‘Out-traded’: Food prices easing as Woolies boss admits failures

Source: The New Daily

Australians are enjoying lower prices for red meat and fresh food staples like fruit and vegetables as major supermarkets Coles and Woolworths try to win back angry shoppers.

Both chains reported sales for early 2024 this week, revealing an ongoing moderation in grocery inflation after a turbulent period in which supermarkets copped criticism about their profits.

Woolworths Group chief executive Brad Banducci said on Thursday that Australians are “struggling to make ends meet” and are looking to supermarkets to deliver grocery relief, saying a 0.2 per cent fall in average prices over the March quarter is evidence of change.

That includes a 9 per cent fall in red meat and a 6.2 per cent decline across Woolworths’ range of fruit and vegetables, Banducci said, with even more price falls expected.

“Food price inflation has continued to moderate materially,” Banducci told analysts.

Coles chief Leah Weckert delivered a similar message earlier this week after the chain posted a 2.2 per cent lift in prices over the same quarter, down from 6.2 per cent last year.

That has been driven by falling fruit prices – particularly apples and avocados – and also red meat, particularly lamb, though bakery prices remain elevated due to expensive wheat.

Woolworths boss admits failures 

It’s all welcome news for Australian families who have been squeezed by massive hikes in grocery prices over the past few years, a trend that has sparked a series of public inquiries into the stranglehold Coles and Woolworths have over Australia’s concentrated food market.

Banducci was even threatened with jail by Greens Senator Nick McKim at a torrid Senate inquiry into supermarket pricing last month in a distillation of growing political scrutiny.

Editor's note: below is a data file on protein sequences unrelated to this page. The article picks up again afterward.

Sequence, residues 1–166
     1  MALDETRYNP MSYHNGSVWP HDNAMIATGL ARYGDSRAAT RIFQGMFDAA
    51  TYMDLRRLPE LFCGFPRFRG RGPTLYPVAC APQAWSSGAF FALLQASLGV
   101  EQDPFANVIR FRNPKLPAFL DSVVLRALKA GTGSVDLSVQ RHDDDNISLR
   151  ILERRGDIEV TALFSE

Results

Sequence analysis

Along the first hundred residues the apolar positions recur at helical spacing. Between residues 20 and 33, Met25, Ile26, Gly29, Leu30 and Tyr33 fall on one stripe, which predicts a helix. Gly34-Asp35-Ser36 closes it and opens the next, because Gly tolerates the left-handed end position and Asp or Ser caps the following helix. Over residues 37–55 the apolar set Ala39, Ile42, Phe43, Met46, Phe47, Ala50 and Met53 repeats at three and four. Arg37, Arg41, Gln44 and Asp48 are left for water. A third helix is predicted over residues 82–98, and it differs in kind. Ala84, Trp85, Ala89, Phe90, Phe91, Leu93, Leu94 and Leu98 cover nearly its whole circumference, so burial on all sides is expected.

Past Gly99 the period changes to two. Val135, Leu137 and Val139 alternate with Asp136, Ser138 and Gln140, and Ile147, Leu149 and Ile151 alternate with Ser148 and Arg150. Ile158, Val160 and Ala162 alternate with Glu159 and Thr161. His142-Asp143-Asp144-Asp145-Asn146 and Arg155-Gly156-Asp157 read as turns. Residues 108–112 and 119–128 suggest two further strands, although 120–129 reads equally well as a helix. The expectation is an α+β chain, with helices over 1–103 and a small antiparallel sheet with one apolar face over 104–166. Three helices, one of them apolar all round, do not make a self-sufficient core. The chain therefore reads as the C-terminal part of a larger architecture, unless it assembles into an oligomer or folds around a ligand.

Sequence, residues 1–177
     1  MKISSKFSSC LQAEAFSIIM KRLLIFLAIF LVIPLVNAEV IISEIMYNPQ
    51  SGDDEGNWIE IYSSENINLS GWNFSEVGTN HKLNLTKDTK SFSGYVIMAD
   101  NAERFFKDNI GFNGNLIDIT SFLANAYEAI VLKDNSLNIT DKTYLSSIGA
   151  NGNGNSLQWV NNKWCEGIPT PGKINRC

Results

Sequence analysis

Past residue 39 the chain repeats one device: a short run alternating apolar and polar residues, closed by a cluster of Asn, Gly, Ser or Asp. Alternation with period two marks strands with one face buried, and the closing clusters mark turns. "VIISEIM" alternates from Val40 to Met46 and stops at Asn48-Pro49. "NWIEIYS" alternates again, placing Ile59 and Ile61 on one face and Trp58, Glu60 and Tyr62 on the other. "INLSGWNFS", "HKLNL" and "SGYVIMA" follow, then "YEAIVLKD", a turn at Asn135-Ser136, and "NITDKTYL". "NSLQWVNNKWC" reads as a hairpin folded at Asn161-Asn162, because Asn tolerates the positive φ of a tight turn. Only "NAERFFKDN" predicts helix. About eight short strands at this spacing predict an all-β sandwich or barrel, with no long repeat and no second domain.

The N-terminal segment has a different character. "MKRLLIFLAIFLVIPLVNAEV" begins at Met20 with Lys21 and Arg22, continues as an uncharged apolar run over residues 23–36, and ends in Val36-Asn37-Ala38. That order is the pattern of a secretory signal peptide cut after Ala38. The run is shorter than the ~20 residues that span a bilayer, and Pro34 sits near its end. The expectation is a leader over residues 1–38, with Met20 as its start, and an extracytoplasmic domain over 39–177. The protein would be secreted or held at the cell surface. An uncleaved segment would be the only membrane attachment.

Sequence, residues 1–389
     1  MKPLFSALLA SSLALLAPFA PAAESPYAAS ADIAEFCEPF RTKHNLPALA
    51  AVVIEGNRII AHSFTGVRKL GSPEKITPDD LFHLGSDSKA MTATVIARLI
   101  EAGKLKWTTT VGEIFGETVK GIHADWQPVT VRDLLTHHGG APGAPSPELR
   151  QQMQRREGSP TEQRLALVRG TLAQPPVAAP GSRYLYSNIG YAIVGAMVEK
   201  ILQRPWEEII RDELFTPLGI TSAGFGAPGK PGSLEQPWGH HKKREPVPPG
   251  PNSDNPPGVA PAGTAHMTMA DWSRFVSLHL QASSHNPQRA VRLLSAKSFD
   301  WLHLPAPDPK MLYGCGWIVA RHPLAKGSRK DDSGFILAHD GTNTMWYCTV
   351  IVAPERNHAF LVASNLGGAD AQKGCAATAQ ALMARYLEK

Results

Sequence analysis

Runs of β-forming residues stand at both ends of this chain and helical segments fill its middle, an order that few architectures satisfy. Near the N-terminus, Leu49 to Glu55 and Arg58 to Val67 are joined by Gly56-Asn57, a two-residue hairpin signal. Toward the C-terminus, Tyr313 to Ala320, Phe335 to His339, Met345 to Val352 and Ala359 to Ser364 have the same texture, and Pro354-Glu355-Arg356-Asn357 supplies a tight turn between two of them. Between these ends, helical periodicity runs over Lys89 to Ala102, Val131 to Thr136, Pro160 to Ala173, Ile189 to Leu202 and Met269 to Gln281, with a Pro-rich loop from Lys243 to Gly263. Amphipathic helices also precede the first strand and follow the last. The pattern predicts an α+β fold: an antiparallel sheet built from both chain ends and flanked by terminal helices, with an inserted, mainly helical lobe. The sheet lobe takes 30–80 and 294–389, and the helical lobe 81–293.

The veteran supermarket executive, who will soon retire, was on the defensive again on Thursday as stock analysts probed why Coles has continued to outperform Woolworths.

Woolworths posted 1.5 per cent sales growth over the March quarter, which was much lower than Coles’ 4.2 per cent; sparking accusations that Woolworths isn’t executing well.

Banducci admitted Woolworths had been bested by its rival recently, blaming the timing of collectibles promotions and stock availability issues plaguing the supermarket in early 2024.

“We were out-traded in the quarter, let me just own that,” Banducci conceded to analysts.

Banducci laid part of the blame on growing public anger at Woolworths, suggesting that as the bigger of the two major grocery chains they had copped more negative media attention.

“It would be fair to say that a lot of the negative media and political context we’ve operated in was even more challenging than we had anticipated,” Banducci said, admitting to a “tough quarter”.

But the retail boss pushed back when asked whether Woolworths should reinvest a recent lift in gross margins back into prices to better compete with Coles for stretched wallets.

“We are where we need to be on price, and you see that in our deflation,” Banducci retorted after an analyst suggested Woolies was eroding its own value proposition.

“Can we do a better job of communication of our price mechanics? Yes.”

That means Woolworths is making big changes to its promotional program, with Banducci saying the supermarket must do a better job helping customers understand its prices.

“We need to own the fact that a lot of the media and political right now is not helping in that narrative quite frankly,” Banducci said.

“There’s a suspicion somehow we’re doing something wrong.”

Woolworths’ investors were clearly disappointed with the third-quarter update, with its stock price plunging 4.18 per cent to $30.49 by early afternoon on Thursday.

Stay informed, daily
A FREE subscription to The New Daily arrives every morning and evening.
The New Daily is a trusted source of national news and information and is provided free for all Australians. Read our editorial charter
Copyright © 2024 The New Daily.
All rights reserved.